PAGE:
“It takes time to build a good research institution,” says Ndung’u. “A lot of the grants that have been given to investigators to do work in Africa, I don’t think those grantees were held to the fire in terms of making sure there is a pathway that is developed and sustained.”

In developed countries with good research infrastructure, the money is simply getting tighter. “It is getting tougher and tougher to get into the big laboratories because they don’t have the money,” acknowledges Galit Alter, who was mentored by Harvard immunologist Marcus Altfeld, director of the innate immunity program at Partners AIDS Research Center, and now has her own research laboratory there.

“The most important thing that the NIAID summit did, I think, was encourage investigators not to give up,” says Alter. “Even though funding is tight there really is a reason to stay in it. It’s survival of the fittest. Those who survive will be the creators.”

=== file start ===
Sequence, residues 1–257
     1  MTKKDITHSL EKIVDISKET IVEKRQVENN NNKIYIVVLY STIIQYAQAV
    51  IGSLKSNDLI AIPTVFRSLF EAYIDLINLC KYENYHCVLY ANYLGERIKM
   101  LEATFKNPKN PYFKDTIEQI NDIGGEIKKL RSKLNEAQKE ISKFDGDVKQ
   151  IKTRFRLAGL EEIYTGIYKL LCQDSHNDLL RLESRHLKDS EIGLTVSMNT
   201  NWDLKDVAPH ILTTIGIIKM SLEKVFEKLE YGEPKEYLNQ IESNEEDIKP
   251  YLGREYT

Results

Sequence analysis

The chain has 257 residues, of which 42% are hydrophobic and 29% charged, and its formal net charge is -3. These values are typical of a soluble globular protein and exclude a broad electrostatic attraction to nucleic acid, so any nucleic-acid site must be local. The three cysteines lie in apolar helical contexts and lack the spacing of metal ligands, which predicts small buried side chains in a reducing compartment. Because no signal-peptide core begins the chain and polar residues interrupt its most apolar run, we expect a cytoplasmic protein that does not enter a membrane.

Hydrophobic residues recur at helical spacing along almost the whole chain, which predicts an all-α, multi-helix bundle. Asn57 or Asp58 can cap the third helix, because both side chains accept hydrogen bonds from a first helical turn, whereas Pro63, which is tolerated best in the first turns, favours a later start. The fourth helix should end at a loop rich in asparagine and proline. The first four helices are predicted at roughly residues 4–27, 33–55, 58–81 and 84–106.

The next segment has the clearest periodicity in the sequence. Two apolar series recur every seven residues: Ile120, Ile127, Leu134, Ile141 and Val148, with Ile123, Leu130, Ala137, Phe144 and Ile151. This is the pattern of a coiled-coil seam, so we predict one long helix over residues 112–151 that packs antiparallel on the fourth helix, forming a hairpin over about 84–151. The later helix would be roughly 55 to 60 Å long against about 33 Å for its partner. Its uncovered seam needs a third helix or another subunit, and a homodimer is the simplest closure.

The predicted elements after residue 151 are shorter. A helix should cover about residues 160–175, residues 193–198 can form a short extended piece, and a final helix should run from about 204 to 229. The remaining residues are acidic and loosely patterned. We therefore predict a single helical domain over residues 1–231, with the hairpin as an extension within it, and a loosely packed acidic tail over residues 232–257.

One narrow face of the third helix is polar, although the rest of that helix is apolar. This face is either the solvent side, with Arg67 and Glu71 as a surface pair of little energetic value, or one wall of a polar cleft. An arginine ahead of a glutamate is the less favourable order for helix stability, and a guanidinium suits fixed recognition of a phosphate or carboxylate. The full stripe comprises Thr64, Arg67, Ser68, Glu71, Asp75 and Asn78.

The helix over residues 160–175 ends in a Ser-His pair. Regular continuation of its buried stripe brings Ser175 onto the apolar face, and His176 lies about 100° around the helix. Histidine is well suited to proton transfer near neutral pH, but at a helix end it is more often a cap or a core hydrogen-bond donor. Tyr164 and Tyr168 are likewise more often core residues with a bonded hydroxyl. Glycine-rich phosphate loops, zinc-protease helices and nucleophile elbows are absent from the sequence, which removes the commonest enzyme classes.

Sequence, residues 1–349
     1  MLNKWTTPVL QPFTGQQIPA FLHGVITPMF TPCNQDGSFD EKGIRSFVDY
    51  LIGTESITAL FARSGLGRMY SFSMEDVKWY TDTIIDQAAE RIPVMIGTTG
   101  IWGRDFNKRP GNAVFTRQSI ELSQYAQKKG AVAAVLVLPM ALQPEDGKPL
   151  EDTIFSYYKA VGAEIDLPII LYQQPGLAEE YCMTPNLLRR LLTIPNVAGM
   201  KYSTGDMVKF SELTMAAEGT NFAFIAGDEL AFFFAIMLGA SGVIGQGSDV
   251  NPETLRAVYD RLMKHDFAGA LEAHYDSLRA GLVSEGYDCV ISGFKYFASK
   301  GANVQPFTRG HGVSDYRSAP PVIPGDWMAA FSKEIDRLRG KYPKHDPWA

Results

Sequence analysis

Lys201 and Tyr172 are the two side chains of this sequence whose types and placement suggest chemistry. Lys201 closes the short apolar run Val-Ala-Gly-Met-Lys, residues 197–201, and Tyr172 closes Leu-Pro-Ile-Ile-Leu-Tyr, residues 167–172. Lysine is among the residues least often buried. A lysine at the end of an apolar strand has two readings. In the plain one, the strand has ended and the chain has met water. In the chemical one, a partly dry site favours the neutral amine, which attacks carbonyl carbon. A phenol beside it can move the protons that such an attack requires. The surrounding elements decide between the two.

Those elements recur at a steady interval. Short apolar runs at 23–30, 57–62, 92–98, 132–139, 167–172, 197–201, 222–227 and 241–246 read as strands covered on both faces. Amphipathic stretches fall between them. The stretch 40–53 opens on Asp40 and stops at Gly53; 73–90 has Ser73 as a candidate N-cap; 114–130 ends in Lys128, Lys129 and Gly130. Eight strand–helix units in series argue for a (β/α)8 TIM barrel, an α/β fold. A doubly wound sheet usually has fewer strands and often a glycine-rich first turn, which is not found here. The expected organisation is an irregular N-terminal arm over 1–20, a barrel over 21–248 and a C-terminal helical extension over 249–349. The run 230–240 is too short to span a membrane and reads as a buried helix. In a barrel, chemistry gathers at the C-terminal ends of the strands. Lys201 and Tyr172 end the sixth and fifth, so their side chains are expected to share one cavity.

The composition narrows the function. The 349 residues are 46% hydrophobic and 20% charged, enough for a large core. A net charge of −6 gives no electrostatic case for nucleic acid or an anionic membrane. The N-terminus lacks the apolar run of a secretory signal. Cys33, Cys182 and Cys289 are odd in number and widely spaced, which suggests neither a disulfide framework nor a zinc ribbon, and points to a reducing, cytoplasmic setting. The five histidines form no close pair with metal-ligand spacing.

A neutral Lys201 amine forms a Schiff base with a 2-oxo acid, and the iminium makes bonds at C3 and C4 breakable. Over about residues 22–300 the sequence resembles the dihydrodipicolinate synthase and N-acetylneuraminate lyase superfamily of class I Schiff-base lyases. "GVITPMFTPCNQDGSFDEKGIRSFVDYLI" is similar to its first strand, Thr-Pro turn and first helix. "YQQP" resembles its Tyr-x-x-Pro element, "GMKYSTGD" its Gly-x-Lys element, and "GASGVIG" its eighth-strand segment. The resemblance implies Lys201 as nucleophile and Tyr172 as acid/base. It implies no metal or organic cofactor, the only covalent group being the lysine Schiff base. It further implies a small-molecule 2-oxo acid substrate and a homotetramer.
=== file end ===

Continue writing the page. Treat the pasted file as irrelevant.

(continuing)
Bernstein says he hopes that the recommendations of the YECI Committee will provide traction in the AIDS vaccine arena and beyond. “These issues are not unique to HIV vaccine research,” says Bernstein. “Young people have particular challenges these days in biomedical research. If we don’t renew ourselves as a scientific community, we will be in trouble.”